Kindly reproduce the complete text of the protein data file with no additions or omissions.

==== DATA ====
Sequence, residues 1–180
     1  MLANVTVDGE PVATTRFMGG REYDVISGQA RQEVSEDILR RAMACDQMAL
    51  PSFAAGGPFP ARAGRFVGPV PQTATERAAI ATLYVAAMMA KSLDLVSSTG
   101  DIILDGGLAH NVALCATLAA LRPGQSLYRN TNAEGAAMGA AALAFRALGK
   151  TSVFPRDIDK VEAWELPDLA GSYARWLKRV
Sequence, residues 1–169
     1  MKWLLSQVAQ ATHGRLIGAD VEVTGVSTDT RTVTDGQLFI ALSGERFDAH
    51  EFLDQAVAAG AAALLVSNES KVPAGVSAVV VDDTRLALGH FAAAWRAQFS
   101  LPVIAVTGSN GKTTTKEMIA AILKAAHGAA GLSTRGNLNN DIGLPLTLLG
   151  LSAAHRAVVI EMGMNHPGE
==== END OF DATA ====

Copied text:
Sequence, residues 1–180
     1  MLANVTVDGE PVATTRFMGG REYDVISGQA RQEVSEDILR RAMACDQMAL
    51  PSFAAGGPFP ARAGRFVGPV PQTATERAAI ATLYVAAMMA KSLDLVSSTG
   101  DIILDGGLAH NVALCATLAA LRPGQSLYRN TNAEGAAMGA AALAFRALGK
   151  TSVFPRDIDK VEAWELPDLA GSYARWLKRV
Sequence, residues 1–169
     1  MKWLLSQVAQ ATHGRLIGAD VEVTGVSTDT RTVTDGQLFI ALSGERFDAH
    51  EFLDQAVAAG AAALLVSNES KVPAGVSAVV VDDTRLALGH FAAAWRAQFS
   101  LPVIAVTGSN GKTTTKEMIA AILKAAHGAA GLSTRGNLNN DIGLPLTLLG
   151  LSAAHRAVVI EMGMNHPGE